We took off to make our way towards the south pass of Fakarava. This is supposed to be some of the best diving and snorkeling in the world. Everyone seems to talk about it. We've gotten notes from many friends who have already made this passage and they all have terrific memories of the South Pass at Fakarava. But we decided we'd stop at a few other spots along the way as this would probably be our last atoll before heading to Tahiti.

There is a well marked channel from the north to the south – so it is easy sailing – though we had no wind so had to motor. We were disappointed as we looked forward to sailing through the atoll lagoon. We anchored at Tukaega about midway between the north and south pass. We dropped the hook in 20 feet of water with a sandy bottom but with lots of bommies (coral heads) scattered about. The water was crystal clear though so we could see the anchor on the bottom. We tied several floats (a fender and a found float) to the chain at the 50 feet and 75 feet intervals to keep the chain above the corals. This is a common practice here to help save the corals and keep your chain from tangling. We enjoyed a lovely snorkel to a nearby reef loaded with colorful tropical fish – many new Pacific varieties for us. Plus the cool and colorful giant clams embedded into the coral. We had the place to ourselves so it was fun to really explore the reefs.
Later that afternoon though, the clouds rolled in – big time The skies darkened and we watched as a New Zealand catamaran anchored just before the big squalls hit. The winds were from the south and a steady 20k plus for a few hours. Another boat came in during this weather just before sunset, and then the catamaran decided to move closer to us and the shoreline. We thought he'd be on top of us but ultimately was okay. The night was a sleepless one as the winds stayed up all night and we had little protection from southerlies. We needed the wind direction to swing just a tad east of south to be out of the swell. Luckily our little reef was now in front of us and helping us a bit – but it was still very wavy at anchor. It was a pitch rather than a roll – so a bit more comfortable, but nerve wracking. Luckily we had checked the anchor so we knew it was well dug into the sand. We just didn't know what corals might now be around us in the new direction. During the evening squall we saw one of our floats drift away (this was the large one we found on the beach in Raroia). Unfortunately it also had a nice piece of line on it as well. Bummer – that meant the chain was now not staying floating above the corals. Plus it was a good float and good line!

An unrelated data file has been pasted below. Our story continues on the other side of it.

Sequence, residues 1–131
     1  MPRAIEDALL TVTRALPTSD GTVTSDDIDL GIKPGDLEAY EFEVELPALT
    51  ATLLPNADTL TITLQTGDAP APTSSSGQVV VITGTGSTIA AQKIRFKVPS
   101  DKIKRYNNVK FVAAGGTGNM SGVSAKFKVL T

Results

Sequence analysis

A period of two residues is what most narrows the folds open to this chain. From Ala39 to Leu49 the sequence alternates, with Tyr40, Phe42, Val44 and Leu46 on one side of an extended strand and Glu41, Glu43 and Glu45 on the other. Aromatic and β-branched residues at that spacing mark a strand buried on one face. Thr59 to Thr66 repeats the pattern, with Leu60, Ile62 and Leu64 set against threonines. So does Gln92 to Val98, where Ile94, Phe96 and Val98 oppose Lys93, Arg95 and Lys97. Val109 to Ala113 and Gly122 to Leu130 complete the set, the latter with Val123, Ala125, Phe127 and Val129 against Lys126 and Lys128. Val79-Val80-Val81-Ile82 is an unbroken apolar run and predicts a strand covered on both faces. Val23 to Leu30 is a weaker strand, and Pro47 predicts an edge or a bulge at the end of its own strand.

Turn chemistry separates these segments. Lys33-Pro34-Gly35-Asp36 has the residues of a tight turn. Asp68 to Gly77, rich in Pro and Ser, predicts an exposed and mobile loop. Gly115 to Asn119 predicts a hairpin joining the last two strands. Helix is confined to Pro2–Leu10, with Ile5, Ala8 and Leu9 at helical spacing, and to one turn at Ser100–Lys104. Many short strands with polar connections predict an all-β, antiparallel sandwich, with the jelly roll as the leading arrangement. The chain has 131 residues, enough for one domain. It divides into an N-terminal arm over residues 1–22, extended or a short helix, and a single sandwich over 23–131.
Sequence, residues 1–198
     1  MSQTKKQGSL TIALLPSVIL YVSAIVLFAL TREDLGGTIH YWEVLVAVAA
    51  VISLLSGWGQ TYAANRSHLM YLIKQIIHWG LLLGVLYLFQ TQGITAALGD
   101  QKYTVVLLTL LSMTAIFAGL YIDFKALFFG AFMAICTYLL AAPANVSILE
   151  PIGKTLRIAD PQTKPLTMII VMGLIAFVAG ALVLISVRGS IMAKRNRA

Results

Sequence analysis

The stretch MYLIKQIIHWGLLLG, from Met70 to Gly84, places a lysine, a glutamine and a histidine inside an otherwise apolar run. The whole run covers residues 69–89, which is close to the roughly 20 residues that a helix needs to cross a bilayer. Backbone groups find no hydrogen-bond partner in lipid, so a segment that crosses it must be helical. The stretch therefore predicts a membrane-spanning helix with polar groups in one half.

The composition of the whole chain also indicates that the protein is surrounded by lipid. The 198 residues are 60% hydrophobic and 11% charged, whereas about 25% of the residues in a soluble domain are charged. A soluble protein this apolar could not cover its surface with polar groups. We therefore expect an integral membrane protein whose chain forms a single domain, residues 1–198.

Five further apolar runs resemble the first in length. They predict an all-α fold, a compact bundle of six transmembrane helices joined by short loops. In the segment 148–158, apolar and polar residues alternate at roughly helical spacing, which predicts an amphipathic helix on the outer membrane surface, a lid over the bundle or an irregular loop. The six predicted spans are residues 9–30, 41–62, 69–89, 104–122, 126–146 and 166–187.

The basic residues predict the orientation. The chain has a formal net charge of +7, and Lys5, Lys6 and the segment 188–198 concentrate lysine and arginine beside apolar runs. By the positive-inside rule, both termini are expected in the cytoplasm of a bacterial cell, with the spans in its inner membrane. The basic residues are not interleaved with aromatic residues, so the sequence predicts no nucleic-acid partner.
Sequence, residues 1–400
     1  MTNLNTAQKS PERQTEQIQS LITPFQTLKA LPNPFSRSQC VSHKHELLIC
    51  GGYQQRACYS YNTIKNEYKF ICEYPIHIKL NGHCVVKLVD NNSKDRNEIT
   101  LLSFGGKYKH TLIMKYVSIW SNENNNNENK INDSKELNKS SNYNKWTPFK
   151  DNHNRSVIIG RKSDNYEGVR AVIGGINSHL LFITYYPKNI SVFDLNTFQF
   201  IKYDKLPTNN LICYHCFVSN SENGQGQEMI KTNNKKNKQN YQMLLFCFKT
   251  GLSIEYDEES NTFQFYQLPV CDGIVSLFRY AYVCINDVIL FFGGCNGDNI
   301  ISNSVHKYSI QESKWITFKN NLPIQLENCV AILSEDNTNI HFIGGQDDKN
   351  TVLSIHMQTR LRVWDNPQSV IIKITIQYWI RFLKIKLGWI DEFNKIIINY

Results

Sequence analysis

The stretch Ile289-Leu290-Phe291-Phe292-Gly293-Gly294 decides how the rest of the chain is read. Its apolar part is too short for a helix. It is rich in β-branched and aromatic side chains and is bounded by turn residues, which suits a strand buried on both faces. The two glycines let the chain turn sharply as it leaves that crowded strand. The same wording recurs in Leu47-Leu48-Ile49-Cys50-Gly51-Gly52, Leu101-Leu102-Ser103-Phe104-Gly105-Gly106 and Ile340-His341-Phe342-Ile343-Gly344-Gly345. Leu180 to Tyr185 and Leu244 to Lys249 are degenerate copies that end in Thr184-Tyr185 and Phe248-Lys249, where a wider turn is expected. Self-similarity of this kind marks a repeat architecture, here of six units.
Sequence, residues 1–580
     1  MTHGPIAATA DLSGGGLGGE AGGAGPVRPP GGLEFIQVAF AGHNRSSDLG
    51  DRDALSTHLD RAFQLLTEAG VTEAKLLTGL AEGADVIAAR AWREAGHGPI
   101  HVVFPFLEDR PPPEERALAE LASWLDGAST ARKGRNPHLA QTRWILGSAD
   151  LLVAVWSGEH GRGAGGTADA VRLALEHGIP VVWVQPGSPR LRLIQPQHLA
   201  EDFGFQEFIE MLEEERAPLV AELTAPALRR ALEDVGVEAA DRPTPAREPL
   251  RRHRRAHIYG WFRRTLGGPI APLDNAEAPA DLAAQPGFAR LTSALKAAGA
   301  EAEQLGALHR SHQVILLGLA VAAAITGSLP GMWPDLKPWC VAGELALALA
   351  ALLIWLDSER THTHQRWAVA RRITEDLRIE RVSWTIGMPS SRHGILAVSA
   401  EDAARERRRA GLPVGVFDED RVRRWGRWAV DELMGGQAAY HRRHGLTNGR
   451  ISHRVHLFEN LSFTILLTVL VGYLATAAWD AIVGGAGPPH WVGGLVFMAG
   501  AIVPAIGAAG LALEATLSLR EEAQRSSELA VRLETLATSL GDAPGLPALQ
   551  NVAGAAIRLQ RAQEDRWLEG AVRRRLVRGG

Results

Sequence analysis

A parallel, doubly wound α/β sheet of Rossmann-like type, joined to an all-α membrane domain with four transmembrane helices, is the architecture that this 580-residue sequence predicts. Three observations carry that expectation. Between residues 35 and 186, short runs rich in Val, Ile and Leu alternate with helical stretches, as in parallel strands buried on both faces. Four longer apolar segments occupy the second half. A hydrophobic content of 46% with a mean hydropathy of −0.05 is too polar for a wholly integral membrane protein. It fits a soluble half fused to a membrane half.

The next morning, we decided to leave. The winds were supposed to stay both strong and southerly - and this was not the place to be. So we crashed into the seas and went to Hirifa – another 10 miles south. The sun was out so we could see the shallows and reefs along the way. Our friends from Chapter Two were anchored here and told us it was flat calm and lovely. The catamaran also left and we saw another boat also heading south – so we hoped it wouldn't get packed. But it's a nice long beach so we hoped there would be room.

We arrived in Hirifa around 1100 and found a great spot to drop the hook. Twenty feet of sand and just a few bommies. The anchorage was flat, beautiful turquoise water, white sandy beach with palms, a reef with crashing waves in the distance. Lovely. There are now seven boats here and each has plenty of space.

We took a long walk along the beach – in search of new floats for our anchor chain. The beaches seem to have a regular supply of them – but here there are some houses, so you can't take stuff from the front of people's homes. We trekked way out on the windward side along a very rocky shore. Its good ankle exercise as you hike along the broken coral and rocks. Michael quickly found one float.

We then made our way back and walked the beach in front of the anchorage. We saw an incredible eel swimming in the shallows along the beach. He was probably in inches of water. The designs on this three-foot eel were incredible as it gracefully swam the beach shallows. We scored another float and came back. The Chapter Two's came over for sundowners and a lovely evening of info. They have been our "advance team" much of the way – being ahead of us by a few weeks. They spent about a week at the south pass diving and snorkeling.

We'll enjoy this spot for another day for sure as the wind is still really blowing and this is such a beautiful spot.

Monday, June 4, 2012

Another Atoll

New photos on … because we have internet for a day!